Humour in the time of Covid: A message from Dr Kathy Ryan – BrisDoc’s Medical Director
Time for my fortnightly missive to all colleagues…and I think about time for some humour. When my kids were growing up, my partner and I used to read to them each night. One of my favourites (I think they liked it a bit too) was Bill Bryson, an American travel writer. He is plump, bearded and funny. I used to be in tears with laughter, reading ahead, and the kids didn’t know why. Bill grew up in Des Moines (I have no idea how to pronounce it either), Iowa, but has mostly lived his adult life in England. He travelled around the UK on his own about 30yrs ago. From that, he wrote “Notes from a Small Island”. I include (some paraphrased) excerpts from his visits to Manchester, Liverpool and London, which may resonate?
The Coronation Street studio
‘I have a great fondness for Coronation Street because it was one of the first programmes I watched on British television. I had no idea what was going on. I couldn’t understand what half the characters said or why they were all called Chuck. Then I was cruelly forced into working nights on Fleet Street and fell out of the habit. Now I am not even permitted in the room when it’s on, because I spend the whole time saying, “Where’s Ernie Bishop? I thought Deidre was with Ray Langton? Where’s Len? Stan Ogden is dead?” ’– who doesn’t remember that lot, a little-known fact is that I was an ardent Corrie fan back in the day – ‘Throngs of people walked up and down the street in a kind of reverential hush. I latched on to a friendly little lady with blue-rinsed hair under a transparent rain hat which she seemed to have made from a bread-wrapper. She brought me up to speed with who lived in which house now and soon I was surrounded by a flock of little blue-haired ladies answering my shocked questions (“Deidre with a toy boy? Never!”) and assuring me with solemn nods that it was so. It was a profoundly thrilling experience to walk up and down this famous street’.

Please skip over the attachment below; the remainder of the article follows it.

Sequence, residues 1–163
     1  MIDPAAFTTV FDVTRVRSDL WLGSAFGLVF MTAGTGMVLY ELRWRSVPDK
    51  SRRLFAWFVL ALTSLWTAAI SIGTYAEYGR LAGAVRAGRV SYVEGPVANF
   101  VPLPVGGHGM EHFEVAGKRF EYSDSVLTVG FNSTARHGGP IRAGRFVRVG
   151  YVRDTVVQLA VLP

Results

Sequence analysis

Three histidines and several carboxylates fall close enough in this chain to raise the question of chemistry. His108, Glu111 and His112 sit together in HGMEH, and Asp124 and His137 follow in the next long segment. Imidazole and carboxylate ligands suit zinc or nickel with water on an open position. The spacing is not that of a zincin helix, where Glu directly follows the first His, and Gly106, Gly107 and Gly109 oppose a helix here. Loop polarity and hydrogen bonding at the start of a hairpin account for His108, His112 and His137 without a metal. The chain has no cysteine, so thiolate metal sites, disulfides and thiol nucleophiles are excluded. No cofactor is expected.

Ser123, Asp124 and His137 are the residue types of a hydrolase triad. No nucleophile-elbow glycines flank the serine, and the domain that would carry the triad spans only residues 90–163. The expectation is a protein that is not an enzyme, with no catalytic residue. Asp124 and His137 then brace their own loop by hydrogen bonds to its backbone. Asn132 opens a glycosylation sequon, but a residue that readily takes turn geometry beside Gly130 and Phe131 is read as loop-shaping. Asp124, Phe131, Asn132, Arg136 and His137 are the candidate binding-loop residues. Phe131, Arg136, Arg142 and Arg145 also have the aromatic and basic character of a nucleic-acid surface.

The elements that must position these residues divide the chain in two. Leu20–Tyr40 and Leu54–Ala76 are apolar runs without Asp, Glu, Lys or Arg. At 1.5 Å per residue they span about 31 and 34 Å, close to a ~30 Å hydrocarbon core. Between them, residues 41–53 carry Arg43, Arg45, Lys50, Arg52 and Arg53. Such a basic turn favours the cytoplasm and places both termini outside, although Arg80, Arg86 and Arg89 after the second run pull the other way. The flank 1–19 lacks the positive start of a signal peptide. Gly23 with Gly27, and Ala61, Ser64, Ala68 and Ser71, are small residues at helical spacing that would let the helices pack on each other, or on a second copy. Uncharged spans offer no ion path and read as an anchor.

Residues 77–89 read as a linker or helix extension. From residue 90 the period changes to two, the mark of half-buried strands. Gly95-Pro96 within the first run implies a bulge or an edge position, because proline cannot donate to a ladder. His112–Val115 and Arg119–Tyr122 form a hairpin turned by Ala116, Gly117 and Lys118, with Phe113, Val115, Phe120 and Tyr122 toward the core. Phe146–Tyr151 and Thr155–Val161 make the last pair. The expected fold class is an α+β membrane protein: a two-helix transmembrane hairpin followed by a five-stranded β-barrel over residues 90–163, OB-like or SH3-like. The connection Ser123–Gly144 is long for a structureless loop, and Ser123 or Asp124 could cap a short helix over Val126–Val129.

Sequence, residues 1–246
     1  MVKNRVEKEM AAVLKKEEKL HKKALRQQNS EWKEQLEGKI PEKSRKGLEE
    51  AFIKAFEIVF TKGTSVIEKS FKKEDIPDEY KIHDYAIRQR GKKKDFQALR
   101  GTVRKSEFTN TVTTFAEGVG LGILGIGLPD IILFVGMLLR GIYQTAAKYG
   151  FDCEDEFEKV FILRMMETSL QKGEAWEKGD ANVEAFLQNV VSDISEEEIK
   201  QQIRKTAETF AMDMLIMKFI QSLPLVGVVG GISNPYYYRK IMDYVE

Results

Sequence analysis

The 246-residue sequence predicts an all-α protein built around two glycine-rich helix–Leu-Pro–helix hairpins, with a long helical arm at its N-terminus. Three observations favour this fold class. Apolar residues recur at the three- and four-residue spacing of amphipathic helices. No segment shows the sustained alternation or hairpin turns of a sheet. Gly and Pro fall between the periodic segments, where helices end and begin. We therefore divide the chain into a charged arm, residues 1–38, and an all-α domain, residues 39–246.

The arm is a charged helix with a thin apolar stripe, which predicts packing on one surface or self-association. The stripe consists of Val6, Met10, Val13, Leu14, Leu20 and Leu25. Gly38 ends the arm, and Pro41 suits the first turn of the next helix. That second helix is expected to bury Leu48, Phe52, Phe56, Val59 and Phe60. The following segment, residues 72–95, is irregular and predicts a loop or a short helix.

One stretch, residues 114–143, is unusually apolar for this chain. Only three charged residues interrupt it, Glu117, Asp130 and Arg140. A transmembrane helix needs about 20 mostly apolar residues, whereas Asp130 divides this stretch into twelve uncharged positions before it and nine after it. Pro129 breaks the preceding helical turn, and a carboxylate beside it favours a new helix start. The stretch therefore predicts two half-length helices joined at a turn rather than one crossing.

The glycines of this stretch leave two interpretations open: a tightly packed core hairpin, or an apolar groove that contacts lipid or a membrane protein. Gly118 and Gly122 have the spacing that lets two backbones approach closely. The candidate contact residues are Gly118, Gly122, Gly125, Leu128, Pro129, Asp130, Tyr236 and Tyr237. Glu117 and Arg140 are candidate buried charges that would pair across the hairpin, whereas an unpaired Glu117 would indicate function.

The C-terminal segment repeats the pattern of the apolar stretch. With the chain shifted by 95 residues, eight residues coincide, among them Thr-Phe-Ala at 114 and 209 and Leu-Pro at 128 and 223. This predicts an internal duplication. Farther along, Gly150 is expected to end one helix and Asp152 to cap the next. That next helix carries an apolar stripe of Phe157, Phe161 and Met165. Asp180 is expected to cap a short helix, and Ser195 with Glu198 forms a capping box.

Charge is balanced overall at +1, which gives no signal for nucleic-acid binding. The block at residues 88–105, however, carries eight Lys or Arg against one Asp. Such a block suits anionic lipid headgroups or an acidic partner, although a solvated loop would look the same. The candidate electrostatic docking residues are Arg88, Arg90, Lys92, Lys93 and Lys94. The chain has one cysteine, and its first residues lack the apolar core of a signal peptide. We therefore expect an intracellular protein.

‘They were having a festival of litter when I arrived. Citizens had taken time off from their busy activities to add crisp packets, empty cigarette boxes and carrier-bags to the otherwise neglected landscape. They fluttered gaily in the bushes and brought colour and texture to pavements and gutters. And to think that elsewhere we stick these objects in rubbish bags.’
The London Underground
‘I do like the Underground. It’s a little world of its own down there, with its own strange winds and weather systems, its own eerie noises and oily smells. Even when you’ve descended so far into the earth that you’ve utterly lost your bearings and wouldn’t be in the least surprised to pass a troop of blackened miners coming off shift, there’s always the rumble and tremble of a train passing somewhere even further below. And it all happens in such orderly quiet: all these thousands of people passing on stairs and escalators, stepping on and off crowded trains, sliding off into the darkness with wobbling heads, and never speaking, like characters from Night of the Living Dead’.
As ever, huge thanks to you all for your hard work and commitment through this strange time. It continues to be much appreciated. I am sure we are all looking forward to being able to make our own trips in the (near/far) future. I can testify that Liverpool’s festival of litter is largely over; that I have long since lost track of Coronation Street (updates welcome so long as Mavis is still involved); and I think I once heard people talking to each other on the London Underground. Finally, I must confess I quite enjoyed “Tie a yellow ribbon”. Yellow ribbons variably signal remembrance, loyalty and protest. Perhaps all are appropriate at this time.
BrisDoc Medical Director